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FEATURE STORY

Megadisasters – Why Learning Matters

July 10, 2014


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Sichuan Province after 2008 earthquake. China.

© Wu Zhiyi / World Bank

STORY HIGHLIGHTS
  • Disaster risk management is becoming increasingly important as population densities rise in urban areas around the world.
  • A new report, Learning from Megadisasters, shares lessons learned from the Great East Japan Earthquake and Tsunami.
  • Even poor countries with limited resources can build their capacity to prepare for and cope with disasters.

No country can prevent natural disasters, but we can all prepare for them by learning as much as possible about the risks and consequences of devastating events, and by making informed decisions to manage both, said a new report launched last week in London at an event co-hosted by the World Bank and University College London.

Learning from Megadisasters, a joint World Bank-Government of Japan report, said disaster risk management is becoming increasingly important as the global economy becomes more interconnected, as environmental conditions shift, and as population densities rise in urban areas around the world.

“As cities grow, vulnerabilities increase due to increasing density, a burgeoning population, hastily built informal housing, and the lack of basic services,” said Abha Joshi-Ghani, the World Bank’s Director of Leadership, Learning and Innovation and a member of an expert panel that discussed the report’s findings. Often the poorest people are the most vulnerable.

Heavy rains in Kampala, Uganda, in 2012, for example, caused flooding in low-lying informal settlements, or slums, and displaced thousands of people. “The challenge of Kampala is that development is moving faster than planning,” said Uganda’s Minister of Disaster Risk Management, Musa Ecweru, another panelist.”People build homes in marginal lands, like water channels, and they are first to suffer from floods.”

Disasters put lives and prosperity at risk. Damages are very local but have a huge impact on GDP. It is estimated that, over the last 30 years, natural disasters have caused about $4 trillion in damages. Translating the knowledge gained from disasters into action is key, said the Megadisasters report.

The report distills the main lessons from the Great East Japan Earthquake and Tsunami, the first disaster ever recorded that included an earthquake, a tsunami, a nuclear power plant accident, a power supply failure, and a large-scale disruption of supply chains. The disaster claimed 20,000 lives, but more lives and property would have been lost if Japan had not invested in preventative measures and nurtured a strong culture of knowledge and learning from past disasters, said the report.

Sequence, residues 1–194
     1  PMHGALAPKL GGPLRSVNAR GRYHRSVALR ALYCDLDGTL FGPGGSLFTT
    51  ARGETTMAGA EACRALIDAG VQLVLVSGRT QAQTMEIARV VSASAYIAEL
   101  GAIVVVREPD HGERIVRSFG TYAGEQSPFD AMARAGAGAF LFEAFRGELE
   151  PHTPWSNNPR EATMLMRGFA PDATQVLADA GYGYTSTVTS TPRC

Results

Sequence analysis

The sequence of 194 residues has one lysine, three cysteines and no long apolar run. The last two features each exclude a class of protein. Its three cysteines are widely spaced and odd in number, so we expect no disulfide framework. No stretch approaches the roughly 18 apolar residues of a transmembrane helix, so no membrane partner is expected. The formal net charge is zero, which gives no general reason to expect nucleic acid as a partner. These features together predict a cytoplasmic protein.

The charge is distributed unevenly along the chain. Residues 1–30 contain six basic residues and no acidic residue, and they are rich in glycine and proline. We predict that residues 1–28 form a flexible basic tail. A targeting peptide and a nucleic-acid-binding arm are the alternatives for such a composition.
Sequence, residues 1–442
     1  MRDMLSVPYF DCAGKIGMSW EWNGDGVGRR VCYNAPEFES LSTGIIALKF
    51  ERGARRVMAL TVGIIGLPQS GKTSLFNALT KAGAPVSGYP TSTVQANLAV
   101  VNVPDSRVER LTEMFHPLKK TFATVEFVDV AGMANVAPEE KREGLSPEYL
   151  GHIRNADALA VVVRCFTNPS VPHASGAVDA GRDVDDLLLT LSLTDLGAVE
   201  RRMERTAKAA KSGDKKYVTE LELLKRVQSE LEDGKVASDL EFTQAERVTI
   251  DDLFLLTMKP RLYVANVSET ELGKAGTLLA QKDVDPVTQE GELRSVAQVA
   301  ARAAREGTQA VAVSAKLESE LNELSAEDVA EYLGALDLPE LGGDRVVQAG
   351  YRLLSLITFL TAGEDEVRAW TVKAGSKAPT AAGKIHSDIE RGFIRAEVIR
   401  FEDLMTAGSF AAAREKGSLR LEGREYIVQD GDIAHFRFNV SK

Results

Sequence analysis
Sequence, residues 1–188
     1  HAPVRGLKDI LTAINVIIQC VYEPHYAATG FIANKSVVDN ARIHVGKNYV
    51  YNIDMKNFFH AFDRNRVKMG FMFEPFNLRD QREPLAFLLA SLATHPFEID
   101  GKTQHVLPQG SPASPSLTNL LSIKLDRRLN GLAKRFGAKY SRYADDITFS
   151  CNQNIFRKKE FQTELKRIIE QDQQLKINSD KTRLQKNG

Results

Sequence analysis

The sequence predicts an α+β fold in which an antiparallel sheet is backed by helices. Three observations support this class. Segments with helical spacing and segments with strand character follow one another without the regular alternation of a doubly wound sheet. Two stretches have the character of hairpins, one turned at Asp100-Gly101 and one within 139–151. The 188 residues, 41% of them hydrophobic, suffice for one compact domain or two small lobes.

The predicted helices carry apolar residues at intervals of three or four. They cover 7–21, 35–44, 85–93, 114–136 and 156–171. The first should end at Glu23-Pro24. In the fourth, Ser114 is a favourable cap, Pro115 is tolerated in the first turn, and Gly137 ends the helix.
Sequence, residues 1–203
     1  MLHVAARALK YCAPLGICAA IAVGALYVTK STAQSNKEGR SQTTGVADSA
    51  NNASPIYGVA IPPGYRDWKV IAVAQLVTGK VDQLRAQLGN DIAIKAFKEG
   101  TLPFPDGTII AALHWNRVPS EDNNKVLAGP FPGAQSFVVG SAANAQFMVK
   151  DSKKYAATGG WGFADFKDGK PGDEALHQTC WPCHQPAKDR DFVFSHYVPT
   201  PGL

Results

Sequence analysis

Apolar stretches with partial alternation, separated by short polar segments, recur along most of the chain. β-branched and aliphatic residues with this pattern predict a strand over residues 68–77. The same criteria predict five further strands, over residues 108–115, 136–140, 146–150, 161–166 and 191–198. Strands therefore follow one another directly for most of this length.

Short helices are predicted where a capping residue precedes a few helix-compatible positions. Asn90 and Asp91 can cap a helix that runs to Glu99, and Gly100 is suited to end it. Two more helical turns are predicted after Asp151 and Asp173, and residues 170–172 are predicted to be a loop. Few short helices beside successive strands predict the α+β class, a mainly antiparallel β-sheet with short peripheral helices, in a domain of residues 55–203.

Proactive approaches to risk management can range from having good land use strategies and building codes in high-risk areas to empowering community members in their role as first responders. 

Both tactics helped Christchurch, New Zealand, recover from a powerful 2011 earthquake. According to Christchurch Mayor Lianne Dalziel, “Everyone thought the earthquake in New Zealand would hit Wellington, and it was a surprise when it hit Christchurch… A lot more people would have died if we didn’t have the building codes in place.” 


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" The world is one global village, and what happens in one corner of the world has ramifications in all the corners of the world today. "

Musa Ecweru

Uganda’s Minister of Disaster Risk Management


When first responders were overwhelmed in the aftermath of the earthquake, hundreds of students and farmers stepped in to mobilize volunteers and medical personnel and to help clean up. “I think that, after a disaster of the magnitude that we experienced, it’s too much to expect that the official response can reach out to the whole community, and so the community had to look to itself,” said Dalziel.

The Megadisasters report seeks to unpack and deliver lessons on creating a culture of preparedness that can be used even in poor countries with limited resources. Such countries can still build resilience in their people and institutions and build their capacity to be prepared, react, and preserve their societies, said the report.

We are preparing our capacity for disasters in Uganda. This learning is important,” said Ecweru of Uganda. “The world is one global village, and what happens in one corner of the world has ramifications in all the corners of the world today... So if there is anything that Africa can learn from how the Japanese managed it and how they are trying to prevent the recurrence of this kind of devastation…it is good for Japan and also good for the rest of the world.”

What will be the legacy of this project?  The Bank-Japan initiative aims to help other countries protect themselves from major disasters by adopting – and adapting as necessary – some of the measures taken by Japan, and by understanding the strengths and weaknesses of Japan’s response to the Great East Japan Earthquake.

 “We can’t plan for megadisasters, we can only prepare for them,” said Joshi-Ghani. “It’s really critical to learn from the experiences of others, in terms of how to prepare and actually how to mitigate the risks and the impacts of these disasters.

Stephen Fries, Chief Economist of UK’s Department of Energy & Climate Change,agreed, “Learning from others’ experience is important. London learned from Denmark’s experience with flooding.

 “If you look to the future, the issues covered by the report on learning from disasters is going to be increasingly important as developing countries urbanize, become more compact, become more connected, but also potentially more fragile, and learning how to build resilience in developing countries is going to be absolutely central.


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